DAVID GREENE, HOST:
This was the sound in the city of Chicago last night outside the United Center.
(SOUNDBITE OF CROWD CHEERING)
GREENE: Let's go Hawks, those people were chanting. Fans poured into the street celebrating hockey's Chicago Blackhawks and their second Stanley Cup Championship in four years. The Blackhawks scored two goals late in the third period. It was pretty dramatic. They took game six and the series, four games to two over the Boston Bruins. NPR's David Schaper, who is impartial on every story he covers except hockey, is with us from Chicago.
David, congratulations. Fans must be feeling pretty good in Chicago this morning.
DAVID SCHAPER, BYLINE: Yeah, it's unbelievable. Just an incredible finish last night, nerve wracking for fans of both teams. I will give Boston their props because I think the Bruins are a really tough, tough team and played extremely well. But, you know, fans were I think on their feet whether they were at the game itself or at home or at a bar the whole last five minutes of the game because the Bruins were up 2-1 and they're such a strong defensive team.
With the Blackhawks failing to even generate a shot on goal on a late power play, a lot of us Hawks fans were thinking, we're going to be going to a Game 7 Wednesday night back here in Chicago. But the Hawks kept coming and coming in those final minutes and with their goalie poled for an extra attacker just 76 seconds left, Captain Jonathan Toews makes a beautiful pass to Bryan Bickell who puts the puck in the net to tie the game.
And then just 17 seconds later - can you believe it - the Hawks come charging again and score a rebound goal tapped in by David Bolland. Just an incredible, amazing finish.
GREENE: Well, the emotion, the happy emotions Chicagoans are feeling; it must be devastating for Boston fans watching everything change in 76 seconds and the whole series go down. Let me ask. I mean, this Stanley Cup will really be remembered for injuries in many ways. There was some banged-up people on the ice last night.
SCHAPER: There were some really banged-up people. You know, hockey is such a physically demanding game, I think more so than any other of the major team sports. You saw Andrew Shaw in the game last night of the Blackhawks take a puck to the face last night, leaving a little pool of blood on the ice. It was even while he was carrying the cup around, he was - blood streaming down his face.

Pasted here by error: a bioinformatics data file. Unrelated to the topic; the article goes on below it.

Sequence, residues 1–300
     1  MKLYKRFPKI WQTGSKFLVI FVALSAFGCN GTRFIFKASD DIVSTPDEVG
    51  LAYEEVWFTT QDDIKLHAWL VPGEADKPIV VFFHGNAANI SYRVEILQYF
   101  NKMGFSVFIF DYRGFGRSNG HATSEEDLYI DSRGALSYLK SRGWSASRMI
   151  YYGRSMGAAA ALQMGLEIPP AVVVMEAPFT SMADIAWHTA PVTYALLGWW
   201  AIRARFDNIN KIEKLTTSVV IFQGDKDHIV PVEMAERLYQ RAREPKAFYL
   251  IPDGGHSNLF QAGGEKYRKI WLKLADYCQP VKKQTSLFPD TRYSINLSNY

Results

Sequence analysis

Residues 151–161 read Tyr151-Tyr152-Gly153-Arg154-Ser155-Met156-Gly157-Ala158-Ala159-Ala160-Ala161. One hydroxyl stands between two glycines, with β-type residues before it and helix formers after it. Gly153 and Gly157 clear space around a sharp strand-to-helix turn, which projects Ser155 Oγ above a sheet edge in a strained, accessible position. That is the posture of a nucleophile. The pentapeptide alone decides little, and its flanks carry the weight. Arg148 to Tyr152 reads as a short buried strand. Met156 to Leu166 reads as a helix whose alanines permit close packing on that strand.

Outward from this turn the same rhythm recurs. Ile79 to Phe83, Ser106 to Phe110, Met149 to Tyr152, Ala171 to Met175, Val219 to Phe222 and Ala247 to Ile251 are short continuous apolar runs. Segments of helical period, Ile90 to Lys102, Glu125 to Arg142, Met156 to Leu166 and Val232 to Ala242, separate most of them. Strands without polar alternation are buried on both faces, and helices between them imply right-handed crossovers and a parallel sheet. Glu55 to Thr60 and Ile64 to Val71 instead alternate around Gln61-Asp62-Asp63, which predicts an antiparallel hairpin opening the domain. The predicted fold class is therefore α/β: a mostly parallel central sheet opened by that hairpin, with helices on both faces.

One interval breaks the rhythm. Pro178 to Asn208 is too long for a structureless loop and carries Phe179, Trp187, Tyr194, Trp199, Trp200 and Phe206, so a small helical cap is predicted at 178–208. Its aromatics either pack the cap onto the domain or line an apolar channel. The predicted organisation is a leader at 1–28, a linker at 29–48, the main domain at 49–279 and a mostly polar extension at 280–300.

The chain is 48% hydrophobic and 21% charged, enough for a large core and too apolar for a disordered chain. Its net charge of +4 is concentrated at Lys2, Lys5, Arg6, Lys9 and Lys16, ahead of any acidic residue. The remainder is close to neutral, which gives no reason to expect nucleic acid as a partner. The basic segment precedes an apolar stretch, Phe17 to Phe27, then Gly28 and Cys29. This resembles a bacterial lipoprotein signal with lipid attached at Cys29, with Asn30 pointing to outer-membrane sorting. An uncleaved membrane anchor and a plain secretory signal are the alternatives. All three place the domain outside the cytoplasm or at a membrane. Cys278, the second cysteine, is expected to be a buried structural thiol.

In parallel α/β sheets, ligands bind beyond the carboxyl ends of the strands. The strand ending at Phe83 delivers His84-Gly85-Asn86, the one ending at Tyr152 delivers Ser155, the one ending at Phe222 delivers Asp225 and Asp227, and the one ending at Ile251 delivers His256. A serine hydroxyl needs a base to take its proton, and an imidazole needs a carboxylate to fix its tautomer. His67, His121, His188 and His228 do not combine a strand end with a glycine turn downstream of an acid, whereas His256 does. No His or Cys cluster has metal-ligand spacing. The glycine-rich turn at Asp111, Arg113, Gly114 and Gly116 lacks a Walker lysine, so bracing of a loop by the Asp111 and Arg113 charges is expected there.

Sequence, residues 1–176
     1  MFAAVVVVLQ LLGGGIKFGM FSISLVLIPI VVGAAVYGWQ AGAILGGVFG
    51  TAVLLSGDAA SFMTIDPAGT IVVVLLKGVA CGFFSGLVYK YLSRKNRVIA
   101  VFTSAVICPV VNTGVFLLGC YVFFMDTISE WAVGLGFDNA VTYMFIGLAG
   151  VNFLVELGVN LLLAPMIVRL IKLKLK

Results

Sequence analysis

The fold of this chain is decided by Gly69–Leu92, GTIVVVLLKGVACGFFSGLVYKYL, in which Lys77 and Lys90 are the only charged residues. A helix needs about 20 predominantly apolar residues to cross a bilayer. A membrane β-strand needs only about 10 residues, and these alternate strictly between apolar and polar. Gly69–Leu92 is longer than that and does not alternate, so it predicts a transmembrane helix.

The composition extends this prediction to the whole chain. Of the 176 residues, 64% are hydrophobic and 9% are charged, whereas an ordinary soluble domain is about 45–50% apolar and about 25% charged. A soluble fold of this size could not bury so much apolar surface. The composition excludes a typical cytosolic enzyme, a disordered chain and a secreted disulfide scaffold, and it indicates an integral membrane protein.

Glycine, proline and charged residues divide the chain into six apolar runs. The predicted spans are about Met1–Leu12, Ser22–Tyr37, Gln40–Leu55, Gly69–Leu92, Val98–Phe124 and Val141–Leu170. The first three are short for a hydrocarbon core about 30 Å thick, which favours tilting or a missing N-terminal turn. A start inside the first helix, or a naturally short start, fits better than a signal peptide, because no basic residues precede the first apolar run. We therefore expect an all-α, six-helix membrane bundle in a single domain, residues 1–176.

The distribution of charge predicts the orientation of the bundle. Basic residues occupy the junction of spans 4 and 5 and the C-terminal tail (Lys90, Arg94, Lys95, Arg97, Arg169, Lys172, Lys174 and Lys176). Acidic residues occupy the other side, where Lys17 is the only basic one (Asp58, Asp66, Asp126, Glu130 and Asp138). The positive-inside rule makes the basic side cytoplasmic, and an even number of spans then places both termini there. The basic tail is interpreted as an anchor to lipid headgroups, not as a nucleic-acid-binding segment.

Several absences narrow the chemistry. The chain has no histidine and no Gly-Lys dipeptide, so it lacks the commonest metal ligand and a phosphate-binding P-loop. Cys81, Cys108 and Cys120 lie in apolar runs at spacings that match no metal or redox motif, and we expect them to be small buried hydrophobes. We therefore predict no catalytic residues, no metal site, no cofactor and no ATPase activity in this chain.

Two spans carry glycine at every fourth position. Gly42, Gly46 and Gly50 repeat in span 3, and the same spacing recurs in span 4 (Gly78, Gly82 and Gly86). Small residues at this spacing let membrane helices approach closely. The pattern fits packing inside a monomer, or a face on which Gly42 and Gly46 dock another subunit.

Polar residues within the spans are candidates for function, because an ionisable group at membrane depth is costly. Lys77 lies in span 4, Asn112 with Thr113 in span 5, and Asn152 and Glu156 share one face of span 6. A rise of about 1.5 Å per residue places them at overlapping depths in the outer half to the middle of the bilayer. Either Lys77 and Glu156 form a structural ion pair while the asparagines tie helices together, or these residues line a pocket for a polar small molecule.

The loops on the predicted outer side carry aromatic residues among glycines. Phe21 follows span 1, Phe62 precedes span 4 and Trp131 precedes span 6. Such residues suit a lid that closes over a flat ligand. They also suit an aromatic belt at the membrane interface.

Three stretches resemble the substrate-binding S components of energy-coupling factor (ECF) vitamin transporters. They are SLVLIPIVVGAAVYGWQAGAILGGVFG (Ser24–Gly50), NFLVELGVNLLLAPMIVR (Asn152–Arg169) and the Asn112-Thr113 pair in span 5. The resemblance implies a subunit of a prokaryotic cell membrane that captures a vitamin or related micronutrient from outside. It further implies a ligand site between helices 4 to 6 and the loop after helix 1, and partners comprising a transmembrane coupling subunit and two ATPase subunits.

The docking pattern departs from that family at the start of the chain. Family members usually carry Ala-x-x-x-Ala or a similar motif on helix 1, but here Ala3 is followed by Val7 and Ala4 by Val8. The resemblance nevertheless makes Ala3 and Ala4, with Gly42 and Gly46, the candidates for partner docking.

But the amazing guy, I think, is Boston center Patrice Bergeron. What he went through is just shocking. He is a critical player for the Bruins. He leaves Saturday night's game in Chicago, taken to the hospital in an ambulance for what we now know is a broken rib and torn cartilage and muscle. Then he comes back just two days later and plays last night. It's astounding.
GREENE: On the ice last night, after all that. That's amazing.
SCHAPER: Yeah, just astounding what they go through.
GREENE: Well, you know, if we remove the name Michael Jordan, Chicago is not known for piling up championships. I mean, this two NHL championships in four seasons must feel pretty sweet.
SCHAPER: It really does. It's incredible, the way this city has rallied around hockey. You know, we've had our little taste of championships here and there with the White Sox in 2005, the Bulls had their six titles in the '90s, you know, the Bears in '85 and who could forget the Cubs, you know, just a mere century ago back in 1908.
GREENE: Mere century.
SCHAPER: But the city is really fired-up about the Blackhawks. And NHL was essentially dead in this town just seven or eight years ago. They'd have thousands of empty seats at every game. The ownership was alienating fans by not even showing home games on television. And the turnaround started in about 2008; it just hasn't stopped. They won the cup in 2010, bring home the cup again this year, and the outpouring is just amazing.
GREENE: Well, stitch yourself up after a long night of watching hockey. NPR's David Schaper, thanks a lot.
SCHAPER: Thank you, David.
(SOUNDBITE OF MUSIC)
GREENE: It's NPR News. Transcript provided by NPR, Copyright NPR.